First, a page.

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  • Occupy and the 99%How do its participants understand Occupy politics?
  • Jacob Mukherjee (bio)

Do participants in the Occupy movement see themselves as part of a unified collective, or as, the leadership of an oppressed socio-political group or class? Or is it a movement that unites diverse political identities in the pursuit of broad common values? This essay is an attempt to answer these questions, and to reflect on the different ways in which UK Occupy participants understand themselves. Jodi Dean has written that:

Now we appear to ourselves - we say ‘we’, even as we argue over who we are and what we want … Because of Occupy Wall Street, we have been able to imagine and enact a new subject that is collective, engaged, if, perhaps, also manic and distractible.1

One of my aims in the research that informs this essay has been to establish the degree to which activists’ own assessments of the movement conform to Jodi Dean’s view.2 But I have also found that the political and strategic approach of social movements is not always the result of participants’ considered political understandings, and a second aim therefore has been to look at some of the internal movement dynamics and broader contextual factors that help produce an ‘Occupy politics’ - a politics that it is possible that few individual members would consciously embrace.

Clearly, Occupy did establish a repertoire of recognisable slogans and practices. For example it came to be identified with a set of distinct organising practices and slogans, including hand gestures, general assemblies, consensus decision-making and references to ‘the 99%’. (Much of this was drawn from preceding decades of social movement struggle, particularly the radical environmental, global justice and social [End Page 68] forum movements of the late twentieth and early twenty-first centuries.) The adoption of this repertoire by protesters around the world seemed to show that a unified political identity was being created. But Occupy’s message was less clear. Its refusal (or inability) to articulate a single set of movement demands has made it difficult to precisely analyse its politics. In some ways it presented something of a blank canvas, onto which assorted supporters and critics could paint whatever they wanted to see.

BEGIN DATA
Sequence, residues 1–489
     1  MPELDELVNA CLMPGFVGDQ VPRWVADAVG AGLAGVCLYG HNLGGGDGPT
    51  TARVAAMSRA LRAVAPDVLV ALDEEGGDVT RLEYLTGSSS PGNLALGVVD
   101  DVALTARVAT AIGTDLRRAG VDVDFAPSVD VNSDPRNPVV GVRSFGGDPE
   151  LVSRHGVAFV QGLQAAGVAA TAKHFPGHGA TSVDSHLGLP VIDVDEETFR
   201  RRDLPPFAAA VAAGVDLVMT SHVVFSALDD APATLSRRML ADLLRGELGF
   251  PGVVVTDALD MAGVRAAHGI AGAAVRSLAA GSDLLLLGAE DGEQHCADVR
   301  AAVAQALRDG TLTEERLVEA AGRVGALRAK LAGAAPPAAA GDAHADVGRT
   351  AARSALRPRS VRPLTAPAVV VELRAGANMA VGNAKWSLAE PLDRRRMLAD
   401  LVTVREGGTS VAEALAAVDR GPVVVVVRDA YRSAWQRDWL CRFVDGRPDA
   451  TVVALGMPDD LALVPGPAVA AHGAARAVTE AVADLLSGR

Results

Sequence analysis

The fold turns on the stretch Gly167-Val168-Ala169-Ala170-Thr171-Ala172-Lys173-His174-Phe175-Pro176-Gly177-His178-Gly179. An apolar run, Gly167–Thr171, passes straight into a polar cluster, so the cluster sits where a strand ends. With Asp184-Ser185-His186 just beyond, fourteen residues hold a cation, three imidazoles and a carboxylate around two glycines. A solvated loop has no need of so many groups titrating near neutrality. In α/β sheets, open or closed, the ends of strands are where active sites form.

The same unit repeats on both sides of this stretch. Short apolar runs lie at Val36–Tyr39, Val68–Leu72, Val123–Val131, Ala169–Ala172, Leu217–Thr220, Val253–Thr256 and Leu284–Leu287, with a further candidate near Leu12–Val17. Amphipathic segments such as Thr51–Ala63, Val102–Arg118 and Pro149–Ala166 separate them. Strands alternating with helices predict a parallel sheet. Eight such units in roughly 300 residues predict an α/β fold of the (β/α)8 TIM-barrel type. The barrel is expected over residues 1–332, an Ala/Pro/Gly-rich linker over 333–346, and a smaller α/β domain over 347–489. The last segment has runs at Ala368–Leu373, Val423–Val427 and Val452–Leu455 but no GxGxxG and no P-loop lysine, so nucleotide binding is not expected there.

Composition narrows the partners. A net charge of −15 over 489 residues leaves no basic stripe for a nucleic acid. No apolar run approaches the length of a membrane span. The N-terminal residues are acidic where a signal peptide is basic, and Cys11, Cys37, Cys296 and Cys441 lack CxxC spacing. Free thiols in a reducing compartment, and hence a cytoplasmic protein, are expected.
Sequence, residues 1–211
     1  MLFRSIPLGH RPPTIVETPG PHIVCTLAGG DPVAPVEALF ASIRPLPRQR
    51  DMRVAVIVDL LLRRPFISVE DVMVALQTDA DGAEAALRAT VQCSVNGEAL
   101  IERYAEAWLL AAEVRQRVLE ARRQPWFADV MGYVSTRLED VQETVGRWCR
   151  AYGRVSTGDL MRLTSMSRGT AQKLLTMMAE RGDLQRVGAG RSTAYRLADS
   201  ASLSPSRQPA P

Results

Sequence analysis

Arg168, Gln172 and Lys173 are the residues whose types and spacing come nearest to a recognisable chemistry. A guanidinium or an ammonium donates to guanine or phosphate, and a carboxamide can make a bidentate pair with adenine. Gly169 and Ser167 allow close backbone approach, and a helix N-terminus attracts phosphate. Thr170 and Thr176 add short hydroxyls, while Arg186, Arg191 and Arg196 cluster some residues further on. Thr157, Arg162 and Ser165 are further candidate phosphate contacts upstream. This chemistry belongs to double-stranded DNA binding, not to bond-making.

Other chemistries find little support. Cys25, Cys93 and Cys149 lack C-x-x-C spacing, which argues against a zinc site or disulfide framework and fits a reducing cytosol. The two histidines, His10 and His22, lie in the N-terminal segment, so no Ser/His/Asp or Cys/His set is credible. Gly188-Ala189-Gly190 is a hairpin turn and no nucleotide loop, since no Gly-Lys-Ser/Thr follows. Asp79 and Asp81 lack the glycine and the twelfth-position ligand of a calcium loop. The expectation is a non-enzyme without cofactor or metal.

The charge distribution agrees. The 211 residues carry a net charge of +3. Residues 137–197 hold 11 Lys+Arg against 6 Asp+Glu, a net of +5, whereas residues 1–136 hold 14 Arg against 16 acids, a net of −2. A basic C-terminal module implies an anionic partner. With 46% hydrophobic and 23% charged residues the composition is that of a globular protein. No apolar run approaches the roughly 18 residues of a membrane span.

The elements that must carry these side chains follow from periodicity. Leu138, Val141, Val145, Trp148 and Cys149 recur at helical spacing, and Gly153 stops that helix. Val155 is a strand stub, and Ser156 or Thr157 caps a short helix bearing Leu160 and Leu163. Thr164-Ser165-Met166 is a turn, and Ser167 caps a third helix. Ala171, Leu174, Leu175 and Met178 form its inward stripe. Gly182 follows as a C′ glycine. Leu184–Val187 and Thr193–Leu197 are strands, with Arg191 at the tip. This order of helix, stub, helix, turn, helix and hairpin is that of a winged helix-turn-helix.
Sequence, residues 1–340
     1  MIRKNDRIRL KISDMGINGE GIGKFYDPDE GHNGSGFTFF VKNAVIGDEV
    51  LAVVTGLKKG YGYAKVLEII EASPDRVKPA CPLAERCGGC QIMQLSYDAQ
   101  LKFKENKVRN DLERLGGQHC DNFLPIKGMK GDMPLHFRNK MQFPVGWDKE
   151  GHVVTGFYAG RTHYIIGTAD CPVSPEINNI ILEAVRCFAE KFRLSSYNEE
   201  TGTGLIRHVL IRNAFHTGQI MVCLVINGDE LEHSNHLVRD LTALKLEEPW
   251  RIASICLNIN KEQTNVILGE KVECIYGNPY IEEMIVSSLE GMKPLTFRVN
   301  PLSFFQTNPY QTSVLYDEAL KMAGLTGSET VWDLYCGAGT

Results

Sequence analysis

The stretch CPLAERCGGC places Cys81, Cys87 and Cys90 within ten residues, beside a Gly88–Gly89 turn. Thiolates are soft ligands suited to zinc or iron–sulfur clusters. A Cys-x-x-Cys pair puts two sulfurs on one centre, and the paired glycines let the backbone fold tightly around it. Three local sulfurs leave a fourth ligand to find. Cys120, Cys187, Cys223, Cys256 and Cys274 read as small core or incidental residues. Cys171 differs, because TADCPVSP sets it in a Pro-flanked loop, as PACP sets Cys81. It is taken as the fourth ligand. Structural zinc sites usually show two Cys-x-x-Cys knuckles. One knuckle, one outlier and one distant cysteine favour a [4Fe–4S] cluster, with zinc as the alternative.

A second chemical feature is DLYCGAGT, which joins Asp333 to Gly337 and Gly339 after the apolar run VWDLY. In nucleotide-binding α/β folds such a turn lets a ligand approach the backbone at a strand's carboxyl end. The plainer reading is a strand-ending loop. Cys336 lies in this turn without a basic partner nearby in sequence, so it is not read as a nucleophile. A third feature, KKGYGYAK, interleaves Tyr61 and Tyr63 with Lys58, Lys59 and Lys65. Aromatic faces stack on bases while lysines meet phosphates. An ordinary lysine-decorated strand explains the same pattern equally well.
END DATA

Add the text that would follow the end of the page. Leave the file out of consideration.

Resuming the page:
Writers from a libertarian or anarchist perspective have enthusiastically claimed Occupy for their tradition. The movement’s focus on democracy is portrayed as a disavowal of a unified ideology or collective subject: participants are empowered to produce their own critique of capitalism in line with their particular political identities. The determination to create ‘utopian’ or ‘liberated’ spaces, the commitment to ‘horizontal’ methods of organising, and the resolute refusal to engage with established power structures, mean that a line can be drawn that links Occupy to 1960s libertarianism, the anti-nuclear movement, radical environmentalism and the alter-globalisation movement. The ‘open source’, flexible nature of the Occupy message, and the movement’s networked form, are seen as strengths which have allowed Occupy to translate itself into different contexts around the world. The central concept within this discursive framework is ‘participatory democracy’, represented by the Occupy ‘general assembly’ and its consensus decision-making processes. The lack of a single set of Occupy ‘demands’ and the movement’s commitment to self-representation are also celebrated by the libertarian school.3

An alternative account frames Occupy as a failed revolutionary movement. According to this line of argument, the strategy of occupation should be seen as a militant assertion of popular power in opposition to global capital, rather than an attempt to establish temporary autonomous zones. The concept of ‘the 99%’ against a tiny global elite has successfully drawn attention to the inequality and class division upon which capitalism depends. As Jodi Dean has written, it ‘transform[ed] a statistic into a crime’ (CH, p218). This account casts Occupy activists as a reluctant vanguard, able to mobilise millions but unwilling to embrace the leadership role this implies; the failure to develop a programme and create permanent institutional forms have been seen as fatal weaknesses (CH, pp 229–32, 237–9). The preoccupation with consensus and horizontalism - praised within the libertarian discourse as important exercises in liberation - are criticised by the revolutionaries as...


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pp. 68-80
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